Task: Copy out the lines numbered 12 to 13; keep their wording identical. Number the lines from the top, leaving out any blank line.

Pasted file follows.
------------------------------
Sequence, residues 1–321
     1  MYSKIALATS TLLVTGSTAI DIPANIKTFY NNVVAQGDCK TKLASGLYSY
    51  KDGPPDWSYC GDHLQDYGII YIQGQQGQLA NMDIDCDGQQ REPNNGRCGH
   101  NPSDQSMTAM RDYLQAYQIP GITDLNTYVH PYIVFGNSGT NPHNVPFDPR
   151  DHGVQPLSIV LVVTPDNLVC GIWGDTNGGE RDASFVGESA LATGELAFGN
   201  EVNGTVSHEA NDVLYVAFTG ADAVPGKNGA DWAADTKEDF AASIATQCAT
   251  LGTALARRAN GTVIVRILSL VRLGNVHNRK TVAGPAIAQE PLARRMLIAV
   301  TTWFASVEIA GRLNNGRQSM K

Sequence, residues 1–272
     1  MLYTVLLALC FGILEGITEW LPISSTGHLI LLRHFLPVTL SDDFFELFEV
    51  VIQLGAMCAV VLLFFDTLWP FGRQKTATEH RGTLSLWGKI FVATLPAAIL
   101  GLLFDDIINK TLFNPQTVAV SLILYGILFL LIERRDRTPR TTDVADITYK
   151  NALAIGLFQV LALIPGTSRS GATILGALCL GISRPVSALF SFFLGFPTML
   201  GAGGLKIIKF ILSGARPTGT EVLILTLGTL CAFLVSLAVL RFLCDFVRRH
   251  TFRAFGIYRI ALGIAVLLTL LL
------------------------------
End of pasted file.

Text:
   101  GLLFDDIINK TLFNPQTVAV SLILYGILFL LIERRDRTPR TTDVADITYK
   151  NALAIGLFQV LALIPGTSRS GATILGALCL GISRPVSALF SFFLGFPTML